China approves plan to impose HK security law

30 May, 2020 12:00 AM printer

China approves plan to impose HK security law

BEIJING: China’s parliament approved plans Thursday to impose a security law on Hong Kong that has ratcheted up tensions with the US and sparked new protests over fears the city is losing its special freedoms, reports AFP.

The vote by the rubber-stamp National People’s Congress (NPC) spurred the US and Britain to call for the United Nations Security Council to meet informally on Friday to discuss the issue.

And it came hours after Washington revoked the special status conferred on Hong Kong, paving the way for the territory to be stripped of trading and economic privileges.

US Secretary of State Mike Pompeo said the status had been withdrawn because China was no longer honouring its handover agreement with Britain to allow Hong Kong a high level of autonomy.

“No reasonable person can assert today that Hong Kong maintains a high degree of autonomy from China,” Pompeo said.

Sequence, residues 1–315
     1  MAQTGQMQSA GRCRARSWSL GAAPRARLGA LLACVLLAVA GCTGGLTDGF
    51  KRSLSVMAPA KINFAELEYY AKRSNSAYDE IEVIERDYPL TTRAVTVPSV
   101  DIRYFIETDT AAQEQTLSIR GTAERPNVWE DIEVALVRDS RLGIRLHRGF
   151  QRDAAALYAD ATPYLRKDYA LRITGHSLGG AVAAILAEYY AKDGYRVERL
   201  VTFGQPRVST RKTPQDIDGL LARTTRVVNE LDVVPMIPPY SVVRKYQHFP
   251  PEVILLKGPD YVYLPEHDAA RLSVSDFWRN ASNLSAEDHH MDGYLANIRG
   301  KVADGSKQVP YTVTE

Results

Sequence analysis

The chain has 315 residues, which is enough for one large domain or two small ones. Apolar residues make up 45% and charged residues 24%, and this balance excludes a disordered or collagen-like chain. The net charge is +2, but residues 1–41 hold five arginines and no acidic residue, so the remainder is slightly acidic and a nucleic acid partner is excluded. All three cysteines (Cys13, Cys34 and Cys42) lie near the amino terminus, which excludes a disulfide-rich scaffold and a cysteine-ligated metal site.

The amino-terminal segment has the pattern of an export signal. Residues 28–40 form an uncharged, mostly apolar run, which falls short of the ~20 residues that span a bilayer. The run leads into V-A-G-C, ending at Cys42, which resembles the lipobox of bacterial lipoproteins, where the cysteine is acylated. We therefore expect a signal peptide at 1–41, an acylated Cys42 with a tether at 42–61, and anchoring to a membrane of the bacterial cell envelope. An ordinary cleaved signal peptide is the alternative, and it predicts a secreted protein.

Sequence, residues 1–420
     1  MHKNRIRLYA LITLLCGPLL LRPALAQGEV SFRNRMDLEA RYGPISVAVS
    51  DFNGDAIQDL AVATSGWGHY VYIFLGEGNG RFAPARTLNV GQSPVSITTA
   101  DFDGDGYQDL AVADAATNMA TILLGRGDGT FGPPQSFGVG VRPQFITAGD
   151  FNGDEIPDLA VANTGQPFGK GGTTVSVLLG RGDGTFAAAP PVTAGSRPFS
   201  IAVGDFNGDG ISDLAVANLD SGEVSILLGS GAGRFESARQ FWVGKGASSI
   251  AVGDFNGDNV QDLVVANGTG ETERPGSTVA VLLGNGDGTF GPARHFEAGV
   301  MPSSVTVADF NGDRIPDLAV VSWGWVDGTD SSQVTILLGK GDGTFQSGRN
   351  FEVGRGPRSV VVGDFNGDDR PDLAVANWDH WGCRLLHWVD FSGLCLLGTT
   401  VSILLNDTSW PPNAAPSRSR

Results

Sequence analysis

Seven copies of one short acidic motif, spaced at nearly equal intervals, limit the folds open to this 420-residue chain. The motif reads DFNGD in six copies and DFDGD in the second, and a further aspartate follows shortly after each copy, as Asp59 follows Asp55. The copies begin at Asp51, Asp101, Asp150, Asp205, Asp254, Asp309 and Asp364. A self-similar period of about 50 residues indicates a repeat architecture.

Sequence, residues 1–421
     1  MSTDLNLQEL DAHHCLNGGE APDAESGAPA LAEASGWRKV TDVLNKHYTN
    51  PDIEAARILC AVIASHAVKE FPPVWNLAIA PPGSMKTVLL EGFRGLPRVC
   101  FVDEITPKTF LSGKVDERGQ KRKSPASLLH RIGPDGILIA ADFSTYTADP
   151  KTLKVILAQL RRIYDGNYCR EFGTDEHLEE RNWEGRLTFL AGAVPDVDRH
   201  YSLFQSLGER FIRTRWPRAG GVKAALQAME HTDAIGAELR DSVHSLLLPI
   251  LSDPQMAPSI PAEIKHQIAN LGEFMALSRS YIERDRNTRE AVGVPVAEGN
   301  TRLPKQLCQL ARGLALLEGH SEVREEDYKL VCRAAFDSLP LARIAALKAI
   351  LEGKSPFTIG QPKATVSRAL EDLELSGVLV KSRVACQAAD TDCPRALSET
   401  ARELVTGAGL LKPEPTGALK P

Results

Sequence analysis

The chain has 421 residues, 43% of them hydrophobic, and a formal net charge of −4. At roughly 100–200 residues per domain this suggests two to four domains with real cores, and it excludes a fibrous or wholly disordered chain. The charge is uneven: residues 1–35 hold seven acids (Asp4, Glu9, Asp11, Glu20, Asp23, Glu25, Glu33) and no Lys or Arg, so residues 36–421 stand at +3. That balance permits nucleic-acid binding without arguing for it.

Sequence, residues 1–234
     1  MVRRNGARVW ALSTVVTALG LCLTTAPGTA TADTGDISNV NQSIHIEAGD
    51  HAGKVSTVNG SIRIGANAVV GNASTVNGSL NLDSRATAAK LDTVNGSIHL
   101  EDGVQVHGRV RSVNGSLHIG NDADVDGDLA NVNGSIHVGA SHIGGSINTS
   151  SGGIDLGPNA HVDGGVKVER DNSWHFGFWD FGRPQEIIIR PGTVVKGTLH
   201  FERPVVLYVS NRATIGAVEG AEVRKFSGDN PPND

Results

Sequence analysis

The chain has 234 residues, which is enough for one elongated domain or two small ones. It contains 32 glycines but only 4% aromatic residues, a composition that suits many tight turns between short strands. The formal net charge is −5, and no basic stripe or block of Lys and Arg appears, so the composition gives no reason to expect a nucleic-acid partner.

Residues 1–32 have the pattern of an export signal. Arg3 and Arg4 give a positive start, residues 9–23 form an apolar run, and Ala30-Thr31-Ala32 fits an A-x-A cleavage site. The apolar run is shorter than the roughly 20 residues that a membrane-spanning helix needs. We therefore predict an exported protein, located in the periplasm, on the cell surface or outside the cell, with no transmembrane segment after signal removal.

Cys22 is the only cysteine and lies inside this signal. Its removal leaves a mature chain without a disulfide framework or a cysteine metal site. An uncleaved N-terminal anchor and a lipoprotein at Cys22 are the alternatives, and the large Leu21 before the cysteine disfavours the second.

China made the security law a priority at its annual NPC session, after huge pro-democracy protests rocked the financial hub for seven months last year.

The law would punish secession, subversion of state power, terrorism and acts that endanger national security, as well as allow mainland security agencies to operate openly in Hong Kong. Delegates endorsed plans for the law with an almost unanimous vote and enthusiastic applause.

Li Zhanshu — the chairman of the NPC Standing Committee which will now draft the law — said the move was “in line with the fundamental interests of all Chinese people, including Hong Kong compatriots”. Hong Kong’s embattled leader, Carrie Lam, said she welcomed the resolution being passed.

As required in the resolution, Lam said she would submit regular reports to Beijing and “step up law enforcement and public education for safeguarding national security”.

But the law has met fierce criticism.

“It’s the end of Hong Kong.... They are cutting off our souls, taking away the values which we’ve always embraced, values like human rights, democracy, rule of law,” pro-democracy lawmaker Claudia Mo told AFP.

Meanwhile, China faced growing international pressure Friday over its move to impose a security law on Hong Kong that critics say will destroy the city’s autonomy, with the United States and Britain placing the issue before the UN Security Council, reports AFP.

The US, Britain, Canada and Australia led criticism of the planned law, which would punish secession, subversion of state power, terrorism and acts that endanger national security, as well as allow Chinese security agencies to operate openly in Hong Kong.

 


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